His reign ended when a tyrannical and paranoid Military Junta seized power in March 1976. This Junta, representing the upper classes, viewed Peron as a despot of the masses who would open the door to complete "anarchy." Opposition to the Military Junta formed itself into the broad-front "Peronist" resistance.
The Montoneros defined themselves during a violent split with the mainstream Peronist opposition in the early 1970s as a radical left-wing national liberation movement, influenced by the Cuban Revolution. However, the ideologically confused, vanguardist, and authoritarian guerrilla movement that emerged was not the answer to anything except getting everyone killed.
Here is not the place to undertake a full analysis of the Montoneros. Suffice it to say that they are about as close to anti-authoritarian or anarchist positions as the IRA in Ireland, the ANC in the anti-apartheid struggle, or the Sandinistas of pre-revolutionary Nicaragua. Nevertheless, like the three above mentioned groups, it would be folly to dismiss the Montoneros without taking into account that they represented the main revolutionary current in that particular moment in Argentine history. Indeed, the Montoneros were the largest guerrilla movement in Latin America and commanded the broadest popular support among the people who opposed the murderous dictatorship. Anarchists, lacking a mass popular base since Spain in the 1930s, have generally positioned themselves on the margins of the broad national liberation movements, offering conditional (and highly critical) support against the common enemy.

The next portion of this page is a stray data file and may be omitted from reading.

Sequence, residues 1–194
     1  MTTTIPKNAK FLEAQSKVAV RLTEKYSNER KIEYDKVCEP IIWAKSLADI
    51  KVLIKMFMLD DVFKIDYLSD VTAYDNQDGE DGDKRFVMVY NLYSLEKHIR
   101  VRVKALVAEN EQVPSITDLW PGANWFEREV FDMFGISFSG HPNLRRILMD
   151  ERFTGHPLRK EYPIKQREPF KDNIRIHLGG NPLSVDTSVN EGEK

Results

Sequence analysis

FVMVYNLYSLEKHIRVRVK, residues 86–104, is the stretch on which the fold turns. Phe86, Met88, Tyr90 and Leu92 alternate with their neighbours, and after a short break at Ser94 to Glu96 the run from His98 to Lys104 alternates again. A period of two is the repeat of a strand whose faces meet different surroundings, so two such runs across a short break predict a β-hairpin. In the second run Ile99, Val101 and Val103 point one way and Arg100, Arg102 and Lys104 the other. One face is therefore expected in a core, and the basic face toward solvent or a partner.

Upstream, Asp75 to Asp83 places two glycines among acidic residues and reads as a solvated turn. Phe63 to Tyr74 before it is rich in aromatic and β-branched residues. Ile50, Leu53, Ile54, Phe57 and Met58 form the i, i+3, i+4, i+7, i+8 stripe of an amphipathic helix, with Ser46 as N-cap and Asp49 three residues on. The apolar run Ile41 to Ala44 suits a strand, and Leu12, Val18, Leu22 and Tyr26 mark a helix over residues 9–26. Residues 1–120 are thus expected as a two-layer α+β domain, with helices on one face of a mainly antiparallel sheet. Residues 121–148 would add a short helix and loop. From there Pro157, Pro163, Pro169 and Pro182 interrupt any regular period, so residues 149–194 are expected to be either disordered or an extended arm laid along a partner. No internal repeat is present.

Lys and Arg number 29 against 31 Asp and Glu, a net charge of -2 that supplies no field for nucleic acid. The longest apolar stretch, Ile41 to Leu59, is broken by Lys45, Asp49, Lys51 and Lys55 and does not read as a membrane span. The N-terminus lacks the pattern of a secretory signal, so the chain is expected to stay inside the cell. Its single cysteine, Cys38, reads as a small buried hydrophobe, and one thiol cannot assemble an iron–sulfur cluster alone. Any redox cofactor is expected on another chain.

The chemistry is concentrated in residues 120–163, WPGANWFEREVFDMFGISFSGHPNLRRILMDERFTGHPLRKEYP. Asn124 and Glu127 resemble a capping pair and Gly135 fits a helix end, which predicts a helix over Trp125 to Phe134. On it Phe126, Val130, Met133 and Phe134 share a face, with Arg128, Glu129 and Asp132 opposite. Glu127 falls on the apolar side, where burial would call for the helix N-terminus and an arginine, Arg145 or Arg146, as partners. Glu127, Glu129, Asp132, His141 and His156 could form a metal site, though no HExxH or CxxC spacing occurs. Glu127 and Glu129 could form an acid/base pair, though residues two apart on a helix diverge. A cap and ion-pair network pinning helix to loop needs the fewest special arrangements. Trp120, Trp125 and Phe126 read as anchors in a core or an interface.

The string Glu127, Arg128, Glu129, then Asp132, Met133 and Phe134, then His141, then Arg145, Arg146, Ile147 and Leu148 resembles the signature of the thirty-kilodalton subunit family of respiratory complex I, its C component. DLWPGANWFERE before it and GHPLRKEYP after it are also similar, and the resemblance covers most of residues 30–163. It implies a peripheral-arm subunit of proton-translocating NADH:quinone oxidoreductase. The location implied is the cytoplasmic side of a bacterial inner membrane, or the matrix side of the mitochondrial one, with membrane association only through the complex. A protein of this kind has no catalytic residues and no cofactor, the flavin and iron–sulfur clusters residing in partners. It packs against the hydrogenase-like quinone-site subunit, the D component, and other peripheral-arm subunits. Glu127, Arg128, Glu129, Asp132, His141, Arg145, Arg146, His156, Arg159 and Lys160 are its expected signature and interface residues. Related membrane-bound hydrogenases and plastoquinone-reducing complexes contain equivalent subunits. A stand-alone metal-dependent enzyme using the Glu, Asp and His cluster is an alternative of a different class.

In a complicated and convoluted history that saw the triumphant return of Peron in 1973, his subsequent death a few months later, and a Military coup in 1976 that heralded a veritable genocide of the popular forces (thirty thousand killed or disappeared by the Military Junta), McCaughan struggles to keep the reader abreast of the situation.
Walsh's position as a militant in the Montonero movement was defined by the exigencies of the situation. He wrote:
The daily life faced